The opposite of talking isn’t listening. The opposite of talking is waiting. – Fran Lebowitz
I saw this quote the other day and began to think about the last time I had a really good conversation with someone. And then I asked myself, “How many true conversations have I ever had?” – Not all that many, it seems.
Lebowitz hit the nail on the head here. Watch closely the next time you see two people talking. Do you see one person speaking immediately followed by the other one responding? Person #2 in that conversation already had in mind what to say before person #1 had even finished the thought. Person #2 was waiting instead of listening. When you think about it, it’s actually kind of rude. But it’s something almost everyone does.
Everyone has thoughts they want to express. To many people, it’s more important to speak than to listen. And besides, silence during a conversation is usually uncomfortable. If it happens, someone is tempted to fill the space with words. But silence is necessary in a conversation if true listening is to take place. Silence allows for comprehension and response preparation.
Then there are times when people are talking at each other rather than to each other. You know how it works. One person completes a thought. The other one (seemingly oblivious to what was just said) immediately introduces an entire new topic. Words are just out there in space for anyone interested.
I’ve been guilty of it myself far too often. Even during my years as a reporter, I often wrote down the source’s response while thinking about the next question I was ready to ask. Even reporters don’t listen at times.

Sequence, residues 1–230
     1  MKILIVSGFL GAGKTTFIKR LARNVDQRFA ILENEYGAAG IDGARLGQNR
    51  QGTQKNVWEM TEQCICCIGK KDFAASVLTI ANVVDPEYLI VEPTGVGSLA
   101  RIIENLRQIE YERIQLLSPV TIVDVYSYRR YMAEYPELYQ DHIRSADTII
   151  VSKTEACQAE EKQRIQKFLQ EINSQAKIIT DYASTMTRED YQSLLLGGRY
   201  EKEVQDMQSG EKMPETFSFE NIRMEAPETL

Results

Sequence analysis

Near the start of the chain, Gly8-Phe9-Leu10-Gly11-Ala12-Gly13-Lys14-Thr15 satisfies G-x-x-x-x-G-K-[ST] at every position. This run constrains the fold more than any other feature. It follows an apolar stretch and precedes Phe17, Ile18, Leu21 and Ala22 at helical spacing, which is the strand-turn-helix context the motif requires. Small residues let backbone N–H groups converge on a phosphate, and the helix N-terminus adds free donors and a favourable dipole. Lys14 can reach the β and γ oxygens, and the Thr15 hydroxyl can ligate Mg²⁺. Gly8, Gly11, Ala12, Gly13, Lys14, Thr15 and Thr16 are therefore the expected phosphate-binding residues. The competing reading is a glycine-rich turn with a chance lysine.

But as I’ve aged, I’ve learned how to really listen. It involves patience and no preconceived agenda. Many times when someone is finished speaking to me, they’ll notice a pause in the conversation. I’ve been listening. Now I’m contemplating my response. Then I speak. That’s how listening works. And it really isn’t that hard if you try.
When you’re really listening, you’ll learn to notice what the person isn’t saying as much as what they are saying. That’s also a form of listening. You’ll also begin to notice body language. Yes, EVERYONE speaks in body language. And it can say a lot more than can words. Someone’s words combined with what they’re not saying and their body language can sometimes say something entirely different from what is coming out of their mouth. That’s advanced listening.
If you get really good at it, some people will think you have a special gift – that you have an intuition not shared by other people. My response: “I was just listening.”
So I encourage everyone to try it. True listening can almost always make good conversations even better. And you just might hear something that you would miss otherwise.